- Setup the Webcast early and embed it onto the webpage you want viewers to see it from.
- Don’t forget to mic up your speakers and audience! Our viewers could hear the panel members but we didn’t have a roaming mic to capture what the audience in the room were saying.
- Have someone monitoring the comments. The comments will pop-up in the corner of the screen, but if like me you have your back to the screen you won’t be able to see who is contributing online!
- Build in some time to edit down the live steam after your event, making a shorter version of highlights.
Now that we know how easy it is to achieve a live stream using Panopto, we in the Library are looking to live stream other events and training sessions.
Adding subtitles to Box of Broadcasts videos
One of the key features which makes the use of videos from Box of Broadcasts (BoB) more inclusive is to use subtitles. Most programmes on BoB have subtitles available and switching these on whenever you use videos or clips within class can mean understanding what is being said and heard easy for everyone. Simply click on the S icon once the recording has started to play.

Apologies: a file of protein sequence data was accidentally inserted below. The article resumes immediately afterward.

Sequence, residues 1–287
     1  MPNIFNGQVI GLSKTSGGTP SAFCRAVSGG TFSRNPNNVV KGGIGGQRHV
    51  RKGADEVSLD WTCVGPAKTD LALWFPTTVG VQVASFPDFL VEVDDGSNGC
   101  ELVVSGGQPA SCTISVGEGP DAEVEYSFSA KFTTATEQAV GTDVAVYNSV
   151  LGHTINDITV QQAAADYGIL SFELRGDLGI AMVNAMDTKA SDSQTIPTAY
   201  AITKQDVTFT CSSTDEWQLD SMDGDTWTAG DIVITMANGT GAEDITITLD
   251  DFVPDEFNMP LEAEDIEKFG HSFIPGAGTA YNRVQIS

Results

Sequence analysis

This can be particularly important for international students and those who are hearing impaired. It is also a good idea to highlight this feature for students so they are aware how to turn these on when they might be viewing videos outside of face-to-face sessions. Adding a small image of how this can be done next to the video clip in Course Resources might assist with this.
Accessing a transcript for a programme on Box of Broadcasts
Transcripts of most programmes are also available which can be useful for students to access in order to be able to read what has been said in their own time rather than trying to keep up with the video on screen. Where a transcript is available this can be viewed by clicking the Show Transcript button.
It also allows you to search the programme for key words which will be highlighted within the transcript and at the same time the video will move to this point in the video. Further uses of the word can then be cycled to using the forward and back arrows. This enables quick navigation to key points which students may want to view again.
Students are usually unaware of these features and it is worth highlighting these when you first use BoB whether in class or online.